Were Shakespeare books translated to contemporary English? Which version is more common? Is there a rule to choose which books will have its language updated? Are poems updated too? From which year I should expect that books have a "translation"?
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Shakespeare is considered Modern English, and is almost never rendered in contemporary English. It is usually edited for spelling and other reasons, however, depending on your edition.
There is no "freshness date" that triggers a translation, though. It depends in large part on which version of English is being cited. Much of Middle English (e.g., Chaucer) is updated to be readable by high-school students, but left intact in scholarly works and upper-level college texts. Old English texts (Beowulf, "The Dream of the Rood", The Anglo-Saxon Chronicle and the like) are almost always translated, except for students of Old English (or Linguistics) who are studying the language.
You are free to update any work you like that is out of copyright.
There is a good source of modern Shakespeare. The trouble is that if you update the language you lose the rhythm of the prose. Since generally the storyline in Shakespeare makes airport novels look good, without the phrasing there isn't a lot of point.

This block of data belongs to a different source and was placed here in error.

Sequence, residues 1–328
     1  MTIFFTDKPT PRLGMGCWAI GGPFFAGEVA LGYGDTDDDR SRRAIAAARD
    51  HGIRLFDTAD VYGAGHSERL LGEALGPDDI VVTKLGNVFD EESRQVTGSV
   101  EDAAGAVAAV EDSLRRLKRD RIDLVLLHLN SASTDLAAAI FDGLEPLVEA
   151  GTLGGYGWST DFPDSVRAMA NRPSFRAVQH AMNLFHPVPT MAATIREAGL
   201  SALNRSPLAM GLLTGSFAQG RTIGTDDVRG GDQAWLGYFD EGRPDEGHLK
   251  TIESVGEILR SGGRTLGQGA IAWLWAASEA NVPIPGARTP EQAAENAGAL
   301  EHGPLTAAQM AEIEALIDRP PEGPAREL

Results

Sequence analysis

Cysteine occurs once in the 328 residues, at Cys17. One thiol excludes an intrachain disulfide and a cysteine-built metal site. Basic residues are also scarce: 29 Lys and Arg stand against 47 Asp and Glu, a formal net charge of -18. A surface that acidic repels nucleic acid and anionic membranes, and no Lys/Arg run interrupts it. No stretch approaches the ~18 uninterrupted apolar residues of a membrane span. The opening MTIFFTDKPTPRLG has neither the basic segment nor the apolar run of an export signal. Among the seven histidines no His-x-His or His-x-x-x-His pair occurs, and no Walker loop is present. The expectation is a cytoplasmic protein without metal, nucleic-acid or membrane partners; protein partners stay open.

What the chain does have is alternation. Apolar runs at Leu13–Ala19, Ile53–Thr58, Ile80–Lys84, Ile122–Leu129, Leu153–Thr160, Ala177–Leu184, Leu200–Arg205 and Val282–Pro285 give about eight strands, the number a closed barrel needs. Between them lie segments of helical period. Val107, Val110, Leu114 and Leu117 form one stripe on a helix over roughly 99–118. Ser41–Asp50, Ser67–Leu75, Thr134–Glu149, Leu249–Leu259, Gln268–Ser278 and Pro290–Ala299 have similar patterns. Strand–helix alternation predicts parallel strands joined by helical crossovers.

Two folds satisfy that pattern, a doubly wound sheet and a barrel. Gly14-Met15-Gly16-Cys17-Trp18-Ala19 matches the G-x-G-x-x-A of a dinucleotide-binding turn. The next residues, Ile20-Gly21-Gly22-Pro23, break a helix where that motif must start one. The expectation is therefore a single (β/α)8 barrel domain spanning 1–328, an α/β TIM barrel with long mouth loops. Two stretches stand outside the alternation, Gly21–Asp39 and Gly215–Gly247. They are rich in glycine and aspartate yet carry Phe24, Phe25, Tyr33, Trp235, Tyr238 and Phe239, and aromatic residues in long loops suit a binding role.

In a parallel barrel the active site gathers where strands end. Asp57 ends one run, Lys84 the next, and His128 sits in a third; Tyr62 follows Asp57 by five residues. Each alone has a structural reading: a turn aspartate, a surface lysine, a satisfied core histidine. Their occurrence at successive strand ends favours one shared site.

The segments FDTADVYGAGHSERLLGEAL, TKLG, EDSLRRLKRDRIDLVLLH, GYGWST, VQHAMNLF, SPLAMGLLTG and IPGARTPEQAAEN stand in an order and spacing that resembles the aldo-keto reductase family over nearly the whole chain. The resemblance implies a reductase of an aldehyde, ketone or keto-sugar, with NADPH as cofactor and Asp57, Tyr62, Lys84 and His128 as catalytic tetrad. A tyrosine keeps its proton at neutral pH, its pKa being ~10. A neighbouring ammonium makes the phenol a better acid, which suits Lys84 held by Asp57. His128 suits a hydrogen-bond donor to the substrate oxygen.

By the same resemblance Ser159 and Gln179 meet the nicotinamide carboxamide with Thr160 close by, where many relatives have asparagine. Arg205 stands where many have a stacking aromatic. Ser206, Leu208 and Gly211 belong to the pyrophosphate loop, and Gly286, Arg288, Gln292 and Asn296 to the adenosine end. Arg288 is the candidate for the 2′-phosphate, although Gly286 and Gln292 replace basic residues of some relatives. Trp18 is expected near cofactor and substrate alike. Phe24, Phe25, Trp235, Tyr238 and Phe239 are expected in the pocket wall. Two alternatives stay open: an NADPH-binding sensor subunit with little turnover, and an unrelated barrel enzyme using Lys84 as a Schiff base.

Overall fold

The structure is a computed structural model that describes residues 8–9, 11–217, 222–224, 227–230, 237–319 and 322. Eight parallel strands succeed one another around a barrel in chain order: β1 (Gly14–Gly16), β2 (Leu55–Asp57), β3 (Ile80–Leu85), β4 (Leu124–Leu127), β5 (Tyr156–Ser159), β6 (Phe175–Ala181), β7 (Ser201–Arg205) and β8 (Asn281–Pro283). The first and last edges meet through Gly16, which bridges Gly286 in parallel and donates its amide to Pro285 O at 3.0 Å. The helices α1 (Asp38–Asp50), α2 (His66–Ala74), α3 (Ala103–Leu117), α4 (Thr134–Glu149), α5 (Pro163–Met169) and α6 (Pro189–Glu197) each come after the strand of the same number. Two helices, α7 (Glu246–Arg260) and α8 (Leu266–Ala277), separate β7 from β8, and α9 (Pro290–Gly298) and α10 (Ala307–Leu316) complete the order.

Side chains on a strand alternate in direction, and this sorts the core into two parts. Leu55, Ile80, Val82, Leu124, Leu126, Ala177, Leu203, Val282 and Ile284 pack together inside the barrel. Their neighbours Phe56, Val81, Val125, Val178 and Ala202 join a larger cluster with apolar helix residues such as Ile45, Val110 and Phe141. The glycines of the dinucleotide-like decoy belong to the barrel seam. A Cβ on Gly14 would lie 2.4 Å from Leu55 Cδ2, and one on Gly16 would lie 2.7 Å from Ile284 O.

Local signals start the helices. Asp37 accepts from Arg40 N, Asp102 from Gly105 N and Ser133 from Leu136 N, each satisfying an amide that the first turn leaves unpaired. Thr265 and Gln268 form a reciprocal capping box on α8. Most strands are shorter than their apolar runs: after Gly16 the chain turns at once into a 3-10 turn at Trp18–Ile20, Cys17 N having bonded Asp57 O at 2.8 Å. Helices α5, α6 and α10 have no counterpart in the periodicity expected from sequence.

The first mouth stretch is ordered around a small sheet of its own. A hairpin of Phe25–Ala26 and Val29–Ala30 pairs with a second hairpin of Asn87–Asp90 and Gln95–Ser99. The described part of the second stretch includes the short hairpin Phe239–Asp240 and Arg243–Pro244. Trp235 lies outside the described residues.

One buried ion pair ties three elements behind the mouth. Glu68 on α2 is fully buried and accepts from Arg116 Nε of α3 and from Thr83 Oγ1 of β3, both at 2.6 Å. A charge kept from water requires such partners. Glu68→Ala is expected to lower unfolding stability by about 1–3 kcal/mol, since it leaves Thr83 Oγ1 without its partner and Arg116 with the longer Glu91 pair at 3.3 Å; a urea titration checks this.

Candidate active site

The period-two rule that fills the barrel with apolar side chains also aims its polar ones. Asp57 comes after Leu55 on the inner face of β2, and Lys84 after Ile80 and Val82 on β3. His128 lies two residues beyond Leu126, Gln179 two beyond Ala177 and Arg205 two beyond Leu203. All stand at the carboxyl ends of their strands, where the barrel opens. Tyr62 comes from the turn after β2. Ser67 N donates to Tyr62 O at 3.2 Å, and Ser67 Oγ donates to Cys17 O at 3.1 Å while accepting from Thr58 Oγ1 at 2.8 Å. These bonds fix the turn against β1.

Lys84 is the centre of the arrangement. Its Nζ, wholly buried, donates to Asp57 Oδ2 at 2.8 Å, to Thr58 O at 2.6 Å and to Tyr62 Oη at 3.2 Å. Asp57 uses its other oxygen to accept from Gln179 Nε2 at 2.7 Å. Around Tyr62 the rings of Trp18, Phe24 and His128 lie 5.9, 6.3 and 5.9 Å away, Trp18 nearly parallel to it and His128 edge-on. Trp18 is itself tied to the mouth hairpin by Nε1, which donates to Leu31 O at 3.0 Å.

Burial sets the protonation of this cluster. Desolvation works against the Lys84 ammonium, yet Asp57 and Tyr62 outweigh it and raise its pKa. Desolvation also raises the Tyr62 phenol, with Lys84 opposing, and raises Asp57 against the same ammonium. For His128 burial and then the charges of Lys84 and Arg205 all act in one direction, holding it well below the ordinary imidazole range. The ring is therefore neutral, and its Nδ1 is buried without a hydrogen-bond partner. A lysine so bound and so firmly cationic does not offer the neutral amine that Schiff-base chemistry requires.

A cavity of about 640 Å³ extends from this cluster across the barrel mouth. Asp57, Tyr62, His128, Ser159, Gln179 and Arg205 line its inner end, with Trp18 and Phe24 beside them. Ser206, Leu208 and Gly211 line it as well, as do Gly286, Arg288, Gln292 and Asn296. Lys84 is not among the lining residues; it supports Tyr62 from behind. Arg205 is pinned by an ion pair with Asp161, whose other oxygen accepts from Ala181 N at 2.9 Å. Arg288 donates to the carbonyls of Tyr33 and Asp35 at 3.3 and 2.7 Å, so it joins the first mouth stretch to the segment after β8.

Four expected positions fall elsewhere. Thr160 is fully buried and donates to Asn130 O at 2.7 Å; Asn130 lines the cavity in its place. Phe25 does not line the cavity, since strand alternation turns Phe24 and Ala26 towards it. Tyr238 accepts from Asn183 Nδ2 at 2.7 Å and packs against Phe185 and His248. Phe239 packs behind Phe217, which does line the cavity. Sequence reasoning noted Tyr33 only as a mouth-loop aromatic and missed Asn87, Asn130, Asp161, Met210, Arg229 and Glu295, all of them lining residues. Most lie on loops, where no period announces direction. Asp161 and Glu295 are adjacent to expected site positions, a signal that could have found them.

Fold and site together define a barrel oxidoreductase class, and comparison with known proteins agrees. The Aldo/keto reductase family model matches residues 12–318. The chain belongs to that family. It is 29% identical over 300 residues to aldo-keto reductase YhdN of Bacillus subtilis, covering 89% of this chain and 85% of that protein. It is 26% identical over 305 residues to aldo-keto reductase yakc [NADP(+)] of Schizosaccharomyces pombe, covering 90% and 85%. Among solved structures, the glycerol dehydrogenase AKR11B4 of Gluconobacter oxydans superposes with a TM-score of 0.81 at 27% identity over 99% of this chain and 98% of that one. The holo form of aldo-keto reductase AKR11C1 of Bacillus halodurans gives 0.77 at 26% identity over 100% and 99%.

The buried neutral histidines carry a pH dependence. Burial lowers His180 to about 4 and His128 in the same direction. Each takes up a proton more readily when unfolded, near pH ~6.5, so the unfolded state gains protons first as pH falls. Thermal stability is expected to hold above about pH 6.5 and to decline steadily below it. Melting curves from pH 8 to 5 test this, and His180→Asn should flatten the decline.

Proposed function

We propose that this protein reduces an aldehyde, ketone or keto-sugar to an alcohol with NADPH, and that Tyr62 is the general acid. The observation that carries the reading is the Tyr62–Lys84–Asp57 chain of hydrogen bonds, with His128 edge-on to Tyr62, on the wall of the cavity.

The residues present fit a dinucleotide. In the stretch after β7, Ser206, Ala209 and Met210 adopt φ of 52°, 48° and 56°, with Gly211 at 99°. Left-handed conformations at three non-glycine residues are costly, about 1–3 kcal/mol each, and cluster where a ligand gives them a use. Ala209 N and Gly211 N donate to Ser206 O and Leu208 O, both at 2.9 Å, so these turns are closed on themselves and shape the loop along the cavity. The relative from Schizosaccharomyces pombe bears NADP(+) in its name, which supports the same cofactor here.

Then there is the issue of context: do you upgrade locations and people (like moneylenders) to modern equivalents? Or do you just use the basic idea and write West Side Story?
I think books regarded as suitable for children, such as Gulliver's Travels, might be the most likely to have their English modified.
Then there's Huckleberry Finn: Required Reading Edition's much-mocked removal of the n-word and the like. I wouldn't quite call it a Bowdlerization as it's reflecting changing attitudes.
A simple google search confirms that there is a large market for translations of Shakespeare into contemporary English.
You may notice that many of those editions are intended for secondary school students.
One may quibble about what translation means or what Modern English is but there it is.
However, I do think it is rare (I couldn't find one on that list, without looking too far) that a 'translation' is published that doesn't have the original on the other page.
There's no rule as to what text is translated or not (no date cutoff, etc), just a small market voice that says "Hey, all the kids are complaining they don't understand what's going on, is there a modern version of this stuff?".
As to translating Shakespeare's poems, probably not (in my abbreviated perusal I didn't see any); if you really want to read his poetry, you probably wouldn't care for the translation. Most of the plays are written in verse themselves, so there's that paradox to resolve; the teachers (and parents) expect the students to be exposed to Shakespeare's plays, the students would rather not and the side-by-side translation is a middle ground, and in the honors English class where the poetry is actually read, well, what's the point of not reading the original.
The King James Version of the Protestant Bible has been 'translated' quite a bit and it was published in the same period (early 1600's).
Between that time and now, I don't think any literature has been popular enough and hard to read enough that the market made a translation viable. A hundred years later, Robinson Crusoe came out and that is very readable.